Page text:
walkitout (walkitout) wrote,

No More IPOs and a history of virtualization

Recently, I've been trying to feel less cranky by reading less short-form writing, and reading longer pieces that are more substantive and less reactive. I have such a habit, however, of reading short pieces in a variety of places that it's not something I can just _stop_ doing, other than to go read a book, say, but I was doing a ton of trashy reading for the first few months of the year and it really was not adequately displacing the reactive, judgy shit that was making me so angry all the time. I have been avoiding book length non-fiction (with the exception of Ronson's book) for months, because I've been trying to get more exercise, and if I'm deep in a really interesting read, I just won't go for a walk. And if I've already gotten my exercise, I'm too tired to focus on book length serious non-fiction.

I thought to myself, self, there must be longer, less reactive pieces out there on the glorious web that are not about economics or politics. Let's go find some. Here are two:

Mostly, this is characterizing something in detail that I've been wondering about since December, and which has reached the mentioned-off-the-cuff-by-Mark-Cuban when interviewed on an unrelated topic on Bloomberg.


h/t Medium for that one; someone else wrote a reaction to it (positive) and expanding on a couple points. But this piece is worth reading.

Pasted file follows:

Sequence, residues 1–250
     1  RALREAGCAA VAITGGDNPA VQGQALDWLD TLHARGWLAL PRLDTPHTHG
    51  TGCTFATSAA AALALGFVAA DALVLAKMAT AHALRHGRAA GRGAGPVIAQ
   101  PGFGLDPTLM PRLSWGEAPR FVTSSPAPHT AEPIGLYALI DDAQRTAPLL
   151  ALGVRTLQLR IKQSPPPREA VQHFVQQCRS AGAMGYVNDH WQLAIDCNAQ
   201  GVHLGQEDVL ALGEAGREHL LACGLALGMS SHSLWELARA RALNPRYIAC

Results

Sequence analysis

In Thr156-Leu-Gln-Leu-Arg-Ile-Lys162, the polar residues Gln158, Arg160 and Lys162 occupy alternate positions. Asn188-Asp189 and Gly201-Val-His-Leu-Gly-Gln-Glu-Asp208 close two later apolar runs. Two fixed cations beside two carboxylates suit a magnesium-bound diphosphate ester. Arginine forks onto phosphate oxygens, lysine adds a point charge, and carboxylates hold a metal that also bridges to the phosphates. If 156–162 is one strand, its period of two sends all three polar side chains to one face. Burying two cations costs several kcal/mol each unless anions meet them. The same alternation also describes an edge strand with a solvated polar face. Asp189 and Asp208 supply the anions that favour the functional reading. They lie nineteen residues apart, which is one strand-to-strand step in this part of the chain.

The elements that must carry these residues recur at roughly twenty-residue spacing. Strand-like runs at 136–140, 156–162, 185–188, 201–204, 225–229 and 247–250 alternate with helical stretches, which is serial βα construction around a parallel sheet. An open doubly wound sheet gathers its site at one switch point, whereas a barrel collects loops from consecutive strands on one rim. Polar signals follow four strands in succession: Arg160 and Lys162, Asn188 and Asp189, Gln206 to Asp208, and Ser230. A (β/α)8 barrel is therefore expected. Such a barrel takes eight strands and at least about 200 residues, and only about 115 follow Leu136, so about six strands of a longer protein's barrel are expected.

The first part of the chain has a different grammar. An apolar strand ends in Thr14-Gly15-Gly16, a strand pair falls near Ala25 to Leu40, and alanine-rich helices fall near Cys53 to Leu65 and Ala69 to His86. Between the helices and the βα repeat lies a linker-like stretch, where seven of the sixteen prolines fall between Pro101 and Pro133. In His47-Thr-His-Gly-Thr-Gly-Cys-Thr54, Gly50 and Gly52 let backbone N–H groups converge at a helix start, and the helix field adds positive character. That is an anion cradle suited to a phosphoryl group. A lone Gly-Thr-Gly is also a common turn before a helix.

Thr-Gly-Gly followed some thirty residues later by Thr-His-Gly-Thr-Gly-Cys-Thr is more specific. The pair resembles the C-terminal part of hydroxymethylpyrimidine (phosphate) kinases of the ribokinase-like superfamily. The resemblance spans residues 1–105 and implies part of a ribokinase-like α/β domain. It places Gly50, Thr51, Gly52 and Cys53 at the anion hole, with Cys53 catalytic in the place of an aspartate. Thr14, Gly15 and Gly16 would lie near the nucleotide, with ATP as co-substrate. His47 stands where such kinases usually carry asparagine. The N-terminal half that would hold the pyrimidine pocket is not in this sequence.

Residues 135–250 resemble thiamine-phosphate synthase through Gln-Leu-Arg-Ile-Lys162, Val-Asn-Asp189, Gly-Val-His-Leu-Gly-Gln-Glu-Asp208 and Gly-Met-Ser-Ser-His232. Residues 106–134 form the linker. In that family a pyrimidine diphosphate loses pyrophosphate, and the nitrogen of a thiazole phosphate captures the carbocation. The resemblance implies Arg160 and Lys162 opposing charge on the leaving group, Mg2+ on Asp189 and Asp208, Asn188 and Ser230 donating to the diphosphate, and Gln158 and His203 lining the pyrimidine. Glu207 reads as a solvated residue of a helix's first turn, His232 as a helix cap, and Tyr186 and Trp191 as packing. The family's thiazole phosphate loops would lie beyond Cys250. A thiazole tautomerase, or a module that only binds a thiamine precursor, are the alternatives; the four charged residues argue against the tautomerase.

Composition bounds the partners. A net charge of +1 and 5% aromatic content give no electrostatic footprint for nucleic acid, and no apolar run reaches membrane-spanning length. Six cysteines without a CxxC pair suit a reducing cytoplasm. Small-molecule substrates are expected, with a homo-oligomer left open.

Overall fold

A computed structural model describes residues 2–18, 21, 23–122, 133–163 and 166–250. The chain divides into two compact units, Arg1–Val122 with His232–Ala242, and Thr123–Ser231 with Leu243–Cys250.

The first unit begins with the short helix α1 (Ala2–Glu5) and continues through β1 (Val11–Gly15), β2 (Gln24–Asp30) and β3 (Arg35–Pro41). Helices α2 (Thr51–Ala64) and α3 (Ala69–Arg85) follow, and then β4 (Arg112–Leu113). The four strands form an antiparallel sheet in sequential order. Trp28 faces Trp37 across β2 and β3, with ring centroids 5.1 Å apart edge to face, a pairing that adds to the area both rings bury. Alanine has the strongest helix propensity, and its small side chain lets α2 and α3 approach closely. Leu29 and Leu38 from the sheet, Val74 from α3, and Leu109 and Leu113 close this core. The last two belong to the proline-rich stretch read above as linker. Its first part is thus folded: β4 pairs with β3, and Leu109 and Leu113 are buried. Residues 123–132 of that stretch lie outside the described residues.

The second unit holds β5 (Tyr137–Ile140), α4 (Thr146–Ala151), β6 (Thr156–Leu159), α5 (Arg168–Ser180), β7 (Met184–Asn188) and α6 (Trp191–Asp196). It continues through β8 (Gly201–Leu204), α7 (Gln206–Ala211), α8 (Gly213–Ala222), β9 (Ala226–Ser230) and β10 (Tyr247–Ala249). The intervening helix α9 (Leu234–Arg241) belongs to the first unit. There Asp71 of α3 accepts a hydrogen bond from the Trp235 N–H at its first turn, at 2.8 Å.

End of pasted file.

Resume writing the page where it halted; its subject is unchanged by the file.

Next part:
It reminded me of a16z, so I went over there, and read this:


That's really great. It's quite high level, which has sort of the mixed effects of leaving a lot of detail out and probably confusing the hell out of anyone who doesn't already know a lot of what is being described. I don't know. (Also, I had somehow never heard of AMQP, so it prompted me to go read a little about that, which was interesting.) Having lived through almost the entire time frame, and having had my own career right smack in the middle of it (in terms of time and where I was working), it was great to have a sort of business-case, almost anthropological view of how update time frame needs and the differing speeds of progress in hardware vs software have influenced how the work gets done.

The second to last paragraph is kind of darkly humorous:

"This emerging smart software layer will soon free IT organizations — traditionally perceived as bottlenecks on innovation — from the immense burden of manually configuring and maintaining individual apps and machines, and allow them to focus on being agile and efficient. They too will become more strategic users than maintainers and operators."

I'm pretty sure that's code for, layoffs, attrition and get rid of the old guard. But I could be wrong!
Tags: our future economy today
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